Which class's comparison function is called?

Basilisk96 basilisk96 at gmail.com
Wed Jun 6 05:15:28 CEST 2007


Try adding the following diagnostic messages to your __eq__ class
definitions, and see if it will dispel the confusion for the four
equality tests you have tried:

 class A:
    def __init__(self,a):
      self.a = a
    def __eq__(self, other):
      print "(A) self:%r, other:%r" %(self.__class__, other.__class__)
      return self.a == other.a

 class B:
    def __init__(self,b):
      self.b = b
    def __eq__(self, other):
      print "(B) self:%r, other:%r" %(self.__class__, other.__class__)
      return self.b == other.b

You are correct, Python evaluates the expressions from left to right.

> A(1) == B(1)
> ---> AttributeError: B instance has no attribute a

The left instance's __eq__ method is invoked, which says, "is the
value of self.a equal to the value of other.a ?"; and the answer is,
"other has no attribute a to compare with self.a!" so you get an
exception.


> B(1) == A(1)
> ---> AttributeError: A instance has no attribute b

Same case as the first, but the instances have switched places...


> A(1) == 3
> ---> AttributeError: 'int' object has no attribute a

Same case as the first, but 'other' is now an object of type 'int',
which inherently has no attribute 'a'. A similar effect will manifest
when you will try to do:
B(1) == 3
---> AttributeError: 'int' object has no attribute 'b'

> 3 == A(1)
> ---> AttributeError: 'int' object has no attribute a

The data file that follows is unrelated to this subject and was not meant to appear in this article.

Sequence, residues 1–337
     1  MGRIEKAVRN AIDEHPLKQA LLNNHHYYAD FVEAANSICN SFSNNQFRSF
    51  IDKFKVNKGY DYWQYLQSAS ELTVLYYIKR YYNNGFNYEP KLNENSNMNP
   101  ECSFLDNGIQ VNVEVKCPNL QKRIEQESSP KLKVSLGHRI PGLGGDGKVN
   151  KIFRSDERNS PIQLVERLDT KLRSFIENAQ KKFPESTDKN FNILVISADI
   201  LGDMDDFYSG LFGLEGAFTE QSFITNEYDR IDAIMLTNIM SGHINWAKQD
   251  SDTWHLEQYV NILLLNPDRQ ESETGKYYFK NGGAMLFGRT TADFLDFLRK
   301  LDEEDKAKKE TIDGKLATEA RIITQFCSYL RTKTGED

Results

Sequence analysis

>
> Can someone explain this?  I expected 3 == A(1) to use the __eq__
> function defined for 'int' objects.

This last one is interesting.
The '__eq__' method is not defined for 'int' objects.  The '=='
operator tests for value equivalence. As before, the left side is
evaluated first, and evaluates to a simple integer value. No special
methods are called. Now, the right side's value is evaluated.  Since
equality is being tested, the right side's __eq__ method is called,
with the (self, other) arguments being (<instance of class A>, 3)
respectively. Since 'int' is the 'other' argument in this case, it
again results in the exception "no attribute 'a' ".


The last of the four tests that you have mentioned is giving you the
trouble, right? Perhaps the solution is to add type-checking to the
__eq__ method?

(untested)
def __eq__(self, other):
  if isinstance(other, int):
    tmp = other
  else:
    tmp = other.a   # (other.b in class B definition)
  return self.a == tmp   # (self.b in class B definition)

Cheers,
-Basilisk96




More information about the Python-list mailing list